Thinking in Java - 4th Edition
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Thinking in Java - 4th Edition

Disciplina:Programação Orientada a Objetos1.253 materiais31.988 seguidores
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more succinct description of an object:

An object has state, behavior and identity.

This means that an object can have internal data (which gives it state), methods (to produce
behavior), and each object can be uniquely distinguished from every other object—to put this
in a concrete sense, each object has a unique address in memory.2

An object has an interface
Aristotle was probably the first to begin a careful study of the concept of type; he spoke of
“the class of fishes and the class of birds.” The idea that all objects, while being unique, are
also part of a class of objects that have characteristics and behaviors in common was used
directly in the first object-oriented language, Simula-67, with its fundamental keyword class
that introduces a new type into a program.

Simula, as its name implies, was created for developing simulations such as the classic “bank
teller problem.” In this, you have numerous tellers, customers, accounts, transactions, and
units of money—a lot of “objects.” Objects that are identical except for their state during a
program’s execution are grouped together into “classes of objects,” and that’s where the
keyword class came from. Creating abstract data types (classes) is a fundamental concept in
object-oriented programming. Abstract data types work almost exactly like built-in types:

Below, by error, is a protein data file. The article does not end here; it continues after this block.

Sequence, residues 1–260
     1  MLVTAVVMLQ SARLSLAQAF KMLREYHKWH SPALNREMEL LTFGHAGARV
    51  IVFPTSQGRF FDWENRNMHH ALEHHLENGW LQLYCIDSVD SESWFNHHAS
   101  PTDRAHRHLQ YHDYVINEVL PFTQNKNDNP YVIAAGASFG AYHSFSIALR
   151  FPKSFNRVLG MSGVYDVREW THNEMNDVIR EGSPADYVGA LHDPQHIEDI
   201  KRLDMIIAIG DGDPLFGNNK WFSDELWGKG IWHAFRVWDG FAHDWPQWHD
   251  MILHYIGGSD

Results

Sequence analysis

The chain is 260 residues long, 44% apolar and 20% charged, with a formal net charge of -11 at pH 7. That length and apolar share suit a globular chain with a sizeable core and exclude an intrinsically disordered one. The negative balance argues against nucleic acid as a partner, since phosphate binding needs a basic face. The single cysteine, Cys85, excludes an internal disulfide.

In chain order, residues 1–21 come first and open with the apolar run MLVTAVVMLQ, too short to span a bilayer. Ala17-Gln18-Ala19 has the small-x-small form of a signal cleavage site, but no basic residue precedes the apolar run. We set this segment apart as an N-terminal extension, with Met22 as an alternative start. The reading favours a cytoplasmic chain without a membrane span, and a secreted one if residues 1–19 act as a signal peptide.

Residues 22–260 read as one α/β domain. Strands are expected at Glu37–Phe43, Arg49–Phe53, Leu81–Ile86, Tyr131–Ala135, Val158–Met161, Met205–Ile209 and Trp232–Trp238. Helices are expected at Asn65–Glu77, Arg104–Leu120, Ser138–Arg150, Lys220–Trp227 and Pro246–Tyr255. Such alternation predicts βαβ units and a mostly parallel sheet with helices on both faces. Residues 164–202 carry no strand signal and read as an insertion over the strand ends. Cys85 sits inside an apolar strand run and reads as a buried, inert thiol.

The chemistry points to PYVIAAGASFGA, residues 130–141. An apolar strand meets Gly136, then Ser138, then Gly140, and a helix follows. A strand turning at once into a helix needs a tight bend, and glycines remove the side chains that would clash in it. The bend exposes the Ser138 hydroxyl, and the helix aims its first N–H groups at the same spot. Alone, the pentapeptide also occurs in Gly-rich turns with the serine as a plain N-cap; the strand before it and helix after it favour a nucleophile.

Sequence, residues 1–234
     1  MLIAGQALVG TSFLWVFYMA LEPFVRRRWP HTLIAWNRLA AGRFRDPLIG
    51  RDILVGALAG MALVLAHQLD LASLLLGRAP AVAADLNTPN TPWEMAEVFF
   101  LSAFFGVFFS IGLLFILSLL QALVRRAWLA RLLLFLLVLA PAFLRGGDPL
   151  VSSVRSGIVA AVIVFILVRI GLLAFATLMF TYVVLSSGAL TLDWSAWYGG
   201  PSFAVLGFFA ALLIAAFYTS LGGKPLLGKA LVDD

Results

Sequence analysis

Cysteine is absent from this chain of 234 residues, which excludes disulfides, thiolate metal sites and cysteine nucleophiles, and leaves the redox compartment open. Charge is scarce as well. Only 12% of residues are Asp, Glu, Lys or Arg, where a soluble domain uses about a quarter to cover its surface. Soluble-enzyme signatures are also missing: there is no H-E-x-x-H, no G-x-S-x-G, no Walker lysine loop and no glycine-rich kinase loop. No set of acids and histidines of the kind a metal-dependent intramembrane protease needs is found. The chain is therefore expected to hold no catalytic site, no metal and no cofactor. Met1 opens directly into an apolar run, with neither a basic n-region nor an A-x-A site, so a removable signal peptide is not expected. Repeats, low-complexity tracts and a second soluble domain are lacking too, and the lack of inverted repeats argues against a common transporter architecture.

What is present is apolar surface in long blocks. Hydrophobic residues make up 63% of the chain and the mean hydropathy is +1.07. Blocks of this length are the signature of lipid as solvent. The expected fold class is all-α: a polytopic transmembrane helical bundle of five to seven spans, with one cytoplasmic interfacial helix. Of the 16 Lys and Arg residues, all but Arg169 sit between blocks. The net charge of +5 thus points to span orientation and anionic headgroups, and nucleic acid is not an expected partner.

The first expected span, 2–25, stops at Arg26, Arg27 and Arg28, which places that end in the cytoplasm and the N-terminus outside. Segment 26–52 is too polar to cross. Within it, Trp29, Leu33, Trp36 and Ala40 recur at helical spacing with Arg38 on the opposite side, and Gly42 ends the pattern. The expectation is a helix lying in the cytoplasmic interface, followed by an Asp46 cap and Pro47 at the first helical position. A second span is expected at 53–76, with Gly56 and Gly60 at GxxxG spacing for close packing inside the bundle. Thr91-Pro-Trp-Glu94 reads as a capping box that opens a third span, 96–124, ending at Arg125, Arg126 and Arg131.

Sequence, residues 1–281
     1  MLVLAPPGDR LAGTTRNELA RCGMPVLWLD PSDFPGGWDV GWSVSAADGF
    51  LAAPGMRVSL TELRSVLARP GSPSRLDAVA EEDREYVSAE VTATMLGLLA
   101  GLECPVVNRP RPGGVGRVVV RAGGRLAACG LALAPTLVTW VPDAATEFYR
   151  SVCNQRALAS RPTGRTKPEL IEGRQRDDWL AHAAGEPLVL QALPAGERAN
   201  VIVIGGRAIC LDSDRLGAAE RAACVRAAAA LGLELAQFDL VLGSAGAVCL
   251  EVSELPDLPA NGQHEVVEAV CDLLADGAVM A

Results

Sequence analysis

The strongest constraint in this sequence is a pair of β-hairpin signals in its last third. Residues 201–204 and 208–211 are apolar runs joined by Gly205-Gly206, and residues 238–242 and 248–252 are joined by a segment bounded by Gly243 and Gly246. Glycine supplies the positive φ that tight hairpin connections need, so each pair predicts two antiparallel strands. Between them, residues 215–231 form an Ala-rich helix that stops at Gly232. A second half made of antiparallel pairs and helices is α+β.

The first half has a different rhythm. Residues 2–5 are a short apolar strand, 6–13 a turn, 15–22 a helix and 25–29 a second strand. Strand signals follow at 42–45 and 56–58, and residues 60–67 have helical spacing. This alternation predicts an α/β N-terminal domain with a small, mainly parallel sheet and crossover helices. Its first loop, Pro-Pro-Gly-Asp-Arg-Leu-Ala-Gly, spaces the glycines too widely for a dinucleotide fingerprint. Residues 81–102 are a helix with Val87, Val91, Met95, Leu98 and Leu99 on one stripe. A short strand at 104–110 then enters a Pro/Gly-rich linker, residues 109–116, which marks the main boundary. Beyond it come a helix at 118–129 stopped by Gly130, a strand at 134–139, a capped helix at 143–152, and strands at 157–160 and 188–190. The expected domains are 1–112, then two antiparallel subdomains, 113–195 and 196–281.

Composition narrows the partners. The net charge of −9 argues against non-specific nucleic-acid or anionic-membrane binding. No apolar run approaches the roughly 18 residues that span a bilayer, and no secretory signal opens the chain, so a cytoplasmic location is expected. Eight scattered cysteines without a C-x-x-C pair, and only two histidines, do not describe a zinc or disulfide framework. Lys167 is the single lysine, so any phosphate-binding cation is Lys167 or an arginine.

You can create variables of a type (called objects or instances in object-oriented parlance)
and manipulate those variables (called sending messages or requests; you send a message
and the object figures out what to do with it). The members (elements) of each class share
some commonality: Every account has a balance, every teller can accept a deposit, etc. At the
same time, each member has its own state: Each account has a different balance, each teller
has a name. Thus, the tellers, customers, accounts, transactions, etc., can each be
represented with a unique entity in the computer program. This entity is the object, and each
object belongs to a particular class that defines its characteristics and behaviors.

So, although what we really do in object-oriented programming is create new data types,
virtually all object-oriented programming languages use the “class” keyword. When you see
the word “type” think “class” and vice versa.3

Since a class describes a set of objects that have identical characteristics (data elements) and
behaviors (functionality), a class is really a data type because a floating point number, for
example, also has a set of characteristics and behaviors. The difference is that a programmer
defines a class to fit a problem rather than being forced to use an existing data type that was
designed to represent a unit of storage in a machine. You extend the programming language
by adding new data types specific to your needs. The programming system welcomes the new
classes and gives them all the care and type checking that it gives to built-in types.

The object-oriented approach is not limited to building simulations. Whether or not you
agree that any program is a simulation of the system you’re designing, the use of OOP
techniques can easily reduce a large set of problems to a simple solution.

                                                            
2 This is actually a bit restrictive, since objects can conceivably exist in different machines and address
spaces, and they can also be stored on disk. In these cases, the identity of the object must be determined by
something other than memory address.
3 Some people make a distinction, stating that type determines the interface while class is a particular
implementation of that interface.

Once a class is established, you can make as many objects of that class as you like, and then
manipulate those objects as if they are the elements that exist in the problem you are trying